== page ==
As 9-1-1 operators, all of us have taken our share of absurd and utterly inappropriate 9-1-1 calls. During my time on the phones, I don’t know how many times I envied the State dispatchers who were allowed to just tell an inappropriate caller, “This isn’t an emergency. You’ll have to call our non-emergency line.” Click. My agency had policies that were a little less stern when it came to dealing with non-emergency calls. Most calls went something like this:
Me: “I’m sorry, Sir, this is not an emergency so you will need to call the non-emergency line.”
Me: “This is not an emergency. Please call the non-emergency police line.”
Caller: “Well I don’t have that number.”
Me: “I can give it to you.”
Caller: “Ok, what is it?”
Me: “It’s 602…”
Caller: “Wait. Wait! I need to find something to write with.”
(Several moments go by)
Me: “Are you ready, sir?”
Caller: “Hold on. I just had a pen. Darn, this one doesn’t write. Can’t you just transfer me?”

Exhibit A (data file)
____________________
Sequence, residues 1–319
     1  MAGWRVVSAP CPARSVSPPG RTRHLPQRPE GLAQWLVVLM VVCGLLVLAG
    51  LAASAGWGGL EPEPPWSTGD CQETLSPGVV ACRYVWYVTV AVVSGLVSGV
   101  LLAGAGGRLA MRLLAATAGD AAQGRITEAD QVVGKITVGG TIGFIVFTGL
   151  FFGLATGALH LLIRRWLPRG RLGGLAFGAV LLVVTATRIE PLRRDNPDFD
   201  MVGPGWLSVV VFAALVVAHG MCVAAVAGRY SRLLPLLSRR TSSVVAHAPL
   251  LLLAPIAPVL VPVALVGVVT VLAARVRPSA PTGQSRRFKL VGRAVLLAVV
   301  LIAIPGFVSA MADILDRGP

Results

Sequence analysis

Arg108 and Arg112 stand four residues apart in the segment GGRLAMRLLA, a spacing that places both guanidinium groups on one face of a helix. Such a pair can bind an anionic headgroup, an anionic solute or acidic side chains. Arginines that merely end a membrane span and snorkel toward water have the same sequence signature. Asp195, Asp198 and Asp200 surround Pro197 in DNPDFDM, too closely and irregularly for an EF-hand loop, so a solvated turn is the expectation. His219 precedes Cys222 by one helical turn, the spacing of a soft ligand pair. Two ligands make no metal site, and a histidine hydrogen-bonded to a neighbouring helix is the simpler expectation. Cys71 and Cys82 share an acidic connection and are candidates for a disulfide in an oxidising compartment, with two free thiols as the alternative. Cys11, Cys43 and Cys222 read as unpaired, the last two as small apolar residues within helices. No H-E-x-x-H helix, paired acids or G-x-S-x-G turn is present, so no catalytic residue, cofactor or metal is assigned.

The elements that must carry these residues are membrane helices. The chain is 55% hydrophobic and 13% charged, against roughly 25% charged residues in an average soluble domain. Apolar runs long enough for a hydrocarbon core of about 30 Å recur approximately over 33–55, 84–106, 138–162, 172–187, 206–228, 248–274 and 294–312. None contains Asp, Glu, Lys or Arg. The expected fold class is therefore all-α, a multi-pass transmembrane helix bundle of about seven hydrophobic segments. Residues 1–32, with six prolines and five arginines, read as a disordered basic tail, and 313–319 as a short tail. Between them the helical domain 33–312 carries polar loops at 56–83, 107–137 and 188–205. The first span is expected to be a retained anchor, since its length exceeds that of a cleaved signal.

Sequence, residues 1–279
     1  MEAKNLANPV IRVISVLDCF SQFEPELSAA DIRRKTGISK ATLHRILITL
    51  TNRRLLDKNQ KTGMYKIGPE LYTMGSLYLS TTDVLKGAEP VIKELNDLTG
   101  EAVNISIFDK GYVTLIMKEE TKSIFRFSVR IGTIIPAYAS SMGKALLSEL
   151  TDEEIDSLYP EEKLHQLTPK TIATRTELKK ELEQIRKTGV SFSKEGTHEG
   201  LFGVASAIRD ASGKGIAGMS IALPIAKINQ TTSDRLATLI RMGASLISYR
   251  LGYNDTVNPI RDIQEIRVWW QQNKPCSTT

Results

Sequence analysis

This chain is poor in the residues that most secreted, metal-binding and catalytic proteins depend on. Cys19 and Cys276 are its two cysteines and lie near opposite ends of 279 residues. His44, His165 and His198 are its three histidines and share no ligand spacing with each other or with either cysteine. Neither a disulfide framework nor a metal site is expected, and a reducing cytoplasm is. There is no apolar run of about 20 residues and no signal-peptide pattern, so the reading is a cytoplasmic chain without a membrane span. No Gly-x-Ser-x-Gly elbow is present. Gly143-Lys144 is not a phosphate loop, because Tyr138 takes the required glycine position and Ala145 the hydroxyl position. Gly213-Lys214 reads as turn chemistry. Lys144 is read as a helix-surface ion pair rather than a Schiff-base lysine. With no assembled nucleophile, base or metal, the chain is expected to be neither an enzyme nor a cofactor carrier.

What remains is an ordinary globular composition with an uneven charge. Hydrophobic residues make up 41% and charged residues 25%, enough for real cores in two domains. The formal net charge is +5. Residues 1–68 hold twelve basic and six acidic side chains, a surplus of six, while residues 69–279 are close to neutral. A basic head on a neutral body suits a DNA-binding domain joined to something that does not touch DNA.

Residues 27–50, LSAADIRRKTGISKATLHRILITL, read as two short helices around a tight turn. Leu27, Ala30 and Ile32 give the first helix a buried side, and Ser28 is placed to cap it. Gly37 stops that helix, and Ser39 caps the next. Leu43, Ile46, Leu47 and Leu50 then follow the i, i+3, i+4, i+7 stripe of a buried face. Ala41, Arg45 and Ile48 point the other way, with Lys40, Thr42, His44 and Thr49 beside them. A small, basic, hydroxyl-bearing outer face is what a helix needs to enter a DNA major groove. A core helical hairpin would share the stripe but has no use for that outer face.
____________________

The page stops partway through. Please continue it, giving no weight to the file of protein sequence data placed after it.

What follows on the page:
Me: “No, I can’t. It would tie up an emergency line.”
(Me watching the incoming 9-1-1 calls stacking up)
Me: “Are you ready?”
Caller: “I can’t find anything just give me the number. I’ll remember it.”
Then, I would give the caller the number and finally be able to hang up and continue taking the actual emergency calls that came in. If this conversation seems absurd, imagine it after we were required to immediately put a non-emergency caller on hold if 9-1-1 calls were holding. Then it was more like:
Me: “The number is…Hold please”
Me: “Ok, I’m back. Are you ready…hold please.”
That could go on for a very long time. As a response to the amount of non-emergency calls that were coming into their 9-1-1 center, Washington County Consolidated Communications Agency (WCCCA) in Oregon started highlighting a weekly most frivolous 9-1-1 call in a new social media campaign called, “You called 9-1-1 for that?!” The first call was chosen January 28th and immediately the public began weighing in. The first “winner” was a gentleman speaking broken English (his primary language was Cantonese) calling 9-1-1 because his debit card wouldn’t work at the gas station and there wasn’t an attendant present because the gas station was closed. Comments, both in support and in opposition to the campaign popped up on both the Facebook page and the news report done by KGW Portland.